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“Animalia” Explores Existentialism and Extraterrestrial Life


PARK CITY, UTAH – JANUARY 20: (L-R) Manon Gindre, Oumaima Barid, A cardboard cutout of Sofia Alaoui, Margaux Lorier and Toufik Ayadi attend the 2023 Sundance Film Festival “Animalia” Premiere at Library Center Theatre on January 20, 2023 in Park City, Utah. (Photo by Monica Schipper/Getty Images)

By Katie Small

Supernatural drama Animalia is a cinematically stunning blend of realism and sci-fi that questions the certainty of faith. The film is the debut feature for writer-director Sofia Alaoui, who returns to the Sundance Film Festival after premiering her short film So What If the Goats Die, which took home the Grand Jury Prize in 2020.

The French-Moroccan film follows the journey of Itto (Oumaïma Barid), who is pregnant with her first child and struggling to adapt to her new marriage, her affluent in-laws, and her newly elevated social standing. A sudden thunderstorm followed by a mysterious government lockdown throws Itto’s world into chaos; she is separated from her husband and struggles to reunite with him while navigating the bizarre events unfolding around her.

As she treks through Morocco’s striking mountain ranges and across the high desert, Itto encounters a supernatural presence and strange behavior from animals; she turns to prayer for solace, but her Muslim faith is increasingly tested. Subtle and expansive, Animalia’s French title is Parmi Nous, which means ‘Among Us’ –  a reference to the mysterious extraterrestrial life forms that propel the film’s plot.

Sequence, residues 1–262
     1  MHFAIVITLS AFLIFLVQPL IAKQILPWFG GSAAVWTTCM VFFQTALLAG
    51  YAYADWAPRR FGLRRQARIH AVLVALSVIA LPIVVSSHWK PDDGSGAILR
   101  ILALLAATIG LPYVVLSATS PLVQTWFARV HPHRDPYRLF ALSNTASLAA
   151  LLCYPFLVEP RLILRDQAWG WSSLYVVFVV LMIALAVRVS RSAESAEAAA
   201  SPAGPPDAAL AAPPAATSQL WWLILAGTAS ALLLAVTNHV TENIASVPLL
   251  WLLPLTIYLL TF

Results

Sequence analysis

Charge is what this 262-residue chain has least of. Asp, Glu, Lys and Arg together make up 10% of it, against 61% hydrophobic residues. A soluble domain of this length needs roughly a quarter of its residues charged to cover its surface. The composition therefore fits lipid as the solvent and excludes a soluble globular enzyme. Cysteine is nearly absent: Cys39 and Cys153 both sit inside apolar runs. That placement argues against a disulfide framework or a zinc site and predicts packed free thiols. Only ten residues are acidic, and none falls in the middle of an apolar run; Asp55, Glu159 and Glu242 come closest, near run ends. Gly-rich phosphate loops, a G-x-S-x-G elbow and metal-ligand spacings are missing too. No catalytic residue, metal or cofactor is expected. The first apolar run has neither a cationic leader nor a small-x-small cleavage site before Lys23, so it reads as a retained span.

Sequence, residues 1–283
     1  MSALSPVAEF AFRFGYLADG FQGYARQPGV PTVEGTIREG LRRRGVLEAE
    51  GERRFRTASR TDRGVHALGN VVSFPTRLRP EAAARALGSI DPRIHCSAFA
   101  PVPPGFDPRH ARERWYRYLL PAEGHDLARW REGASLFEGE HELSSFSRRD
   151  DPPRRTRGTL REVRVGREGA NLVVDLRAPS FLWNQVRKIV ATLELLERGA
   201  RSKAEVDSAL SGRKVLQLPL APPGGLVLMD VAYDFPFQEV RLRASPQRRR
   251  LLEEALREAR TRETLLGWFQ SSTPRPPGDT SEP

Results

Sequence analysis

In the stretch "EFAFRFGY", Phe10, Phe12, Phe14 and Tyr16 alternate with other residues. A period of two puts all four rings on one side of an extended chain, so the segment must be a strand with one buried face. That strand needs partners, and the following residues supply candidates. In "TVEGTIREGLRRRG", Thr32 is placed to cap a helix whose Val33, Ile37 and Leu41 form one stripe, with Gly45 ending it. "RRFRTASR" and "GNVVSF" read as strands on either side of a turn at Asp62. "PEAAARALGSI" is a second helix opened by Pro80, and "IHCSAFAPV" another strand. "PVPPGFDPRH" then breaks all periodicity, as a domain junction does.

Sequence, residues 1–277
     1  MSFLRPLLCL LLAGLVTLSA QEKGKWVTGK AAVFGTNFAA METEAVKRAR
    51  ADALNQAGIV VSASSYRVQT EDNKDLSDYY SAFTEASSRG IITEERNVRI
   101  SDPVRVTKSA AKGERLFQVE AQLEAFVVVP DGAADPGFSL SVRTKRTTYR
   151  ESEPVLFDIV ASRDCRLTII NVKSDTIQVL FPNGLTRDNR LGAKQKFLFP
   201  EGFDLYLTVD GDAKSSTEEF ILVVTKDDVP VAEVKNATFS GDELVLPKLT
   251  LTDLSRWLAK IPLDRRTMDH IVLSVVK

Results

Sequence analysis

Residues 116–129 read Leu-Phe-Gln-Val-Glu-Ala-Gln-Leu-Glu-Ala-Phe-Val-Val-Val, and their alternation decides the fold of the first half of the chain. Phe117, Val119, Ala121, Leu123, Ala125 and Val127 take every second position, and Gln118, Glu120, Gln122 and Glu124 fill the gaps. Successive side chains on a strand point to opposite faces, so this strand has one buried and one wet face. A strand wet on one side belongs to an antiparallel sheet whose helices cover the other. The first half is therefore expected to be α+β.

As pregnant as her protagonist, the film’s director could not be present for the premiere but introduced audiences to Animalia with a pre-recorded video. Alaoui says that Animalia represents “a human odyssey, an ode to nature, to the creation of the place of the human in a complex world.” 

She also explains that the story was inspired by her experience of returning to Morocco after living abroad for many years. “I was confronted with the weight of the religion and dogma of the society, as well as the crazy relations people have with money, our second god in this modern society,” she says. “But at the same time I was completely obsessed with aliens and the universe and all those big questions.”

Alaoui’s cast consisted mainly of local non-actors, and she says that representing the real Morocco was important to her. In the post-premiere Q&A, producer Margaux Lorier answered questions on Alaoui’s behalf and emphasized the desire to authentically represent Morocco. “It was our goal to speak for and to the Moroccan people. We don’t see the real Morrocco that often. We see the Western version, made for Western audiences – camels and the desert – but that is not the real Morocco,” Lorier explains. “We hope that North Africans enjoy being represented on screen in this way.”

Also present for the discussion, lead actor Oumaïma Barid spoke enthusiastically of her experience acting alongside Moroccan farmers and villagers. Barid delivers a powerful performance as Itto; her compelling eyes transcend spoken language, contributing to the hypnotic atmosphere and imaginative world-building that is at the heart of Animalia’s ontology. 

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